"Naw. I mean I'll take all the forgiveness I can get, and I'd be glad for your forgiveness, Barb, if that's what this really is, but what I was needing more is learning how to forgive myself, and the only way I could get that was to face you and tell you I was sorry, and how you didn't deserve none of that."
She smiled a little, "Well, it would have been a lot nicer if you had done it back then."
"I know. I'm real sorry about that too."
"Well, Danny, I'm glad you resisted the urge to warn her about the wreck. It could have done a great deal of damage to the program. We have to constantly warn participants that they are not there to change the fabric of reality, or to alter fate. Barbara Lewis was destined to die in a car wreck in the fall of 1970.
"I know. I wasn't there to change her future but my own. Still."
"I know. But what would be the point of living a life if all we are going to do is edit it later. Here, we only work on unpacking trauma related issues. The great fabric of reality always weaves itself into the forms it needs to express. "
"That's nice. Hindu?"
"No. Just something I came up with on my own. Egyptian, more or less."
When Justin Timberlake exposed Janet Jackson's nipple in front of millions of Super Bowl viewers, I could see where things were heading with the NFL It was about as accidental as the later event with the Latin bombshell Shakira putting her crotch right on the camera lens and shaking it as if she were having a seizure.
I thought about writing a movie script that night, one about the childhood joys of playing football on a playground in the coolness of a sunlit Saturday morning in Autumn. I thought that America needed that story. I still do. I don't think that I have ever been as consistently happy as I was on one of those mornings after catching a pass or even running the football across an imaginary plane proscribed by the end of classroom on one side and the fourth fence pole from the road on the other. Joy is too weak a word for that feeling. I felt good about myself, about my choice of friends, and about how we lived our lives, and it has been approximately the exact time from one of those moments till now, since I could honestly say that.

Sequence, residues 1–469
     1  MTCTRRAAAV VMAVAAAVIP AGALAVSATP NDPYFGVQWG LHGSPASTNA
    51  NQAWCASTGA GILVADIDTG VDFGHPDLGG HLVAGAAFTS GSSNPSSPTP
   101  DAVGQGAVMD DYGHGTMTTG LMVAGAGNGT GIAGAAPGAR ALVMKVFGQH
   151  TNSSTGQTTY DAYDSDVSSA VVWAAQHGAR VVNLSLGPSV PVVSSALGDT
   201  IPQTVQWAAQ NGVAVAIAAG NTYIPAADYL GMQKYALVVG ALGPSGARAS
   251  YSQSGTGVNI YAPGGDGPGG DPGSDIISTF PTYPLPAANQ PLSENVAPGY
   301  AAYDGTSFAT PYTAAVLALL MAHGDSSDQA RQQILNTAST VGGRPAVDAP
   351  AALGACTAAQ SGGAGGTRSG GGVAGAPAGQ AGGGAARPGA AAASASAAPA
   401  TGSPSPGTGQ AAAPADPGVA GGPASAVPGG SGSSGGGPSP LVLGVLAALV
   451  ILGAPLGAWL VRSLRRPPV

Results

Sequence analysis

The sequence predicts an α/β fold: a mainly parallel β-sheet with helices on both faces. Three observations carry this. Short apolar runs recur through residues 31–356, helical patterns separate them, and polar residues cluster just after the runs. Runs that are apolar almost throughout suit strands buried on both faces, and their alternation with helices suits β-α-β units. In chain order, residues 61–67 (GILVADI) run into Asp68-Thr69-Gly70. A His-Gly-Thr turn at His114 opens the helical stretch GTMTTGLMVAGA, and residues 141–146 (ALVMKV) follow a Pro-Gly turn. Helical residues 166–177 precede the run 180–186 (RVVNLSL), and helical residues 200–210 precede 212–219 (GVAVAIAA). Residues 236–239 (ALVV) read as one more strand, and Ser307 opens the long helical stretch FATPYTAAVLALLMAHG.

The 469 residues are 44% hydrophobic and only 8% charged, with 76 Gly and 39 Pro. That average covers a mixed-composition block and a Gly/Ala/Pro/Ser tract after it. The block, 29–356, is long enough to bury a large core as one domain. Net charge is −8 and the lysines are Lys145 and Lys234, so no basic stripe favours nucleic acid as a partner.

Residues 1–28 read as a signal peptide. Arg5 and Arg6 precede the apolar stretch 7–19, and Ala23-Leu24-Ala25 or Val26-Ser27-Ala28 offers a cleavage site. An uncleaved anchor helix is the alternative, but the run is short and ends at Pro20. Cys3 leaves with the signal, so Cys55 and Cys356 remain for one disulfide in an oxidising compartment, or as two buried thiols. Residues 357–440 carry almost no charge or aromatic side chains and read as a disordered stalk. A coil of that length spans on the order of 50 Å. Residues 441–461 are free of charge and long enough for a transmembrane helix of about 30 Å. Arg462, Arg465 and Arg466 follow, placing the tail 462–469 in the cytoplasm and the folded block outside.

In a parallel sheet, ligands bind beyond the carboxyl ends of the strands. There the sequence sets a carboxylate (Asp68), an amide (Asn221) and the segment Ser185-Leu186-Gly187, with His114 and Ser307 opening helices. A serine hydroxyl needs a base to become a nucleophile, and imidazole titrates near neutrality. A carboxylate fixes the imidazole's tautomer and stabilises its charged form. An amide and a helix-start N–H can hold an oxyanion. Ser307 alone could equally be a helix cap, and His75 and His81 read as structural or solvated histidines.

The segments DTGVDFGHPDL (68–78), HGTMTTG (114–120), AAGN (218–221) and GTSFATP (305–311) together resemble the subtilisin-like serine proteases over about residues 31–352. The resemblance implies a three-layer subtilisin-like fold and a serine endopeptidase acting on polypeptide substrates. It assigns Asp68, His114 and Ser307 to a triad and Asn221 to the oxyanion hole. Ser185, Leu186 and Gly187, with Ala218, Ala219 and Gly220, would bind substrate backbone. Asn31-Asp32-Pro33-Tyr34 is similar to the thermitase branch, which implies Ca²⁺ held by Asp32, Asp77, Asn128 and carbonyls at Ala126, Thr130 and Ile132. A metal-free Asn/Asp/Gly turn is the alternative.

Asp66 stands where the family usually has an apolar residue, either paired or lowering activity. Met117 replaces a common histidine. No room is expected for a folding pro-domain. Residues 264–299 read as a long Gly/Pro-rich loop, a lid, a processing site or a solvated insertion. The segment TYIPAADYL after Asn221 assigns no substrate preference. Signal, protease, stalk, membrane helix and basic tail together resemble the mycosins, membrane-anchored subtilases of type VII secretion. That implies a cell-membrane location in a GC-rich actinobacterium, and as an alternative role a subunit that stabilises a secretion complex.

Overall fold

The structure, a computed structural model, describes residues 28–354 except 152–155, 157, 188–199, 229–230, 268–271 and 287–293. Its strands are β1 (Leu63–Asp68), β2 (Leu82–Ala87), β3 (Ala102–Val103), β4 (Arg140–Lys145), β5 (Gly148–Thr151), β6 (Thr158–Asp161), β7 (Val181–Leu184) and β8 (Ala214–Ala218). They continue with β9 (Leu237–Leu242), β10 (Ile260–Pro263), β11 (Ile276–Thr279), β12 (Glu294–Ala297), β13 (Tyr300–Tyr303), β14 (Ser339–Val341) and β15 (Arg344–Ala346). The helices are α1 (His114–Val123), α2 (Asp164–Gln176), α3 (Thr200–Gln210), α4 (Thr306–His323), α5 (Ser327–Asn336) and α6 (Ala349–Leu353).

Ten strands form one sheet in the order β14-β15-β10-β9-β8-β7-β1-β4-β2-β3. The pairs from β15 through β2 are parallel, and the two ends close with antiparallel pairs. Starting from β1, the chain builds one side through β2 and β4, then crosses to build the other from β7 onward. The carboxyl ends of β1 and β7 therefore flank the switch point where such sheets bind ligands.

Arnie Lofton passed away this week. He was my neighbor back then. In my mind's eye, he would have been the center of the story. He was the best pure athlete that I've personally known. I've watched sports ever since Arnie and his family moved next door to us back when all the neighborhood kids attended Mark Twain Elementary School. It was him who brought sports into our neighborhood. He had a football, and he knew the basics and the rules to all the games. He showed us, the kids who lived on the southern ends of all streets like Letts, Estes, and Van Dorsten, how to play. His dad Hank used to sit out on the porch and listen to Giant games in the evening, and that more than anything else is why I hate the Dodgers.
I've coached basketball for thirty-five years. I've been around some truly amazing athletes. The reason why I would say that Arnie was the best pure athlete of all those who I have known was his love of the game. As far as I know, he never played a single sport in high school and was never corrupted by a win-at-all cost mentality that so much of our sporting culture espouses either overtly or otherwise. He liked to win, don't get me wrong, but he loved playing even more.
He was the one who showed us how to play basketball, and he had great corner jumper which, for my money, is the hardest shot to make, and he didn't panic when you rushed at him, and with a simple flick of his wrists, he'd get you up in the air and drive by you talking smack all the while. I always thought he could have played pro-baseball had he desired. He had such a great swing and did everything on the diamond so naturally.
But it was in football, as a pocket passer, where he became the Legend of the Southside. His huddle presence was direct, "Gilbert, you go long. Carlyle, you cut across the middle. Adrian, you wait over on the left as a safety valve. Harold, you snap the ball and block." As simple as it gets, but the complexity, and the thing that made it beautiful was that Gilbert Martinez was the fastest human being who ever ran in a pair of street shoes, and no matter how fast he ran, Arnie would put the ball exactly in the one place where it needed to be. I don't think I ever saw Gilbert stretch to make a catch. He would run as if he were being chased by demons, hold his hands in front of him slightly below shoulder level and the ball would land there as if by magic.